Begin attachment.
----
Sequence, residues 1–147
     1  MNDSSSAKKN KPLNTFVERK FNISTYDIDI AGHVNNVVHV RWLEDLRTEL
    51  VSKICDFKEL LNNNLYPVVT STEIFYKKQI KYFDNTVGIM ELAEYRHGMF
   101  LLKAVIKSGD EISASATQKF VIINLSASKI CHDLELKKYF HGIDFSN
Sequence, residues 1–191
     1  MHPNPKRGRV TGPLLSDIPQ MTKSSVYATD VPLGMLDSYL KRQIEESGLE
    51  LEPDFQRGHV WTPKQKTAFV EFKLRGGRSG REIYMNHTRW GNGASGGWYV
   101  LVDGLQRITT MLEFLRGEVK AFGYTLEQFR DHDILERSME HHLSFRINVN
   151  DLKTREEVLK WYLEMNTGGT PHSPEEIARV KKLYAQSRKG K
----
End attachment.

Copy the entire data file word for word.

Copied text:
Sequence, residues 1–147
     1  MNDSSSAKKN KPLNTFVERK FNISTYDIDI AGHVNNVVHV RWLEDLRTEL
    51  VSKICDFKEL LNNNLYPVVT STEIFYKKQI KYFDNTVGIM ELAEYRHGMF
   101  LLKAVIKSGD EISASATQKF VIINLSASKI CHDLELKKYF HGIDFSN
Sequence, residues 1–191
     1  MHPNPKRGRV TGPLLSDIPQ MTKSSVYATD VPLGMLDSYL KRQIEESGLE
    51  LEPDFQRGHV WTPKQKTAFV EFKLRGGRSG REIYMNHTRW GNGASGGWYV
   101  LVDGLQRITT MLEFLRGEVK AFGYTLEQFR DHDILERSME HHLSFRINVN
   151  DLKTREEVLK WYLEMNTGGT PHSPEEIARV KKLYAQSRKG K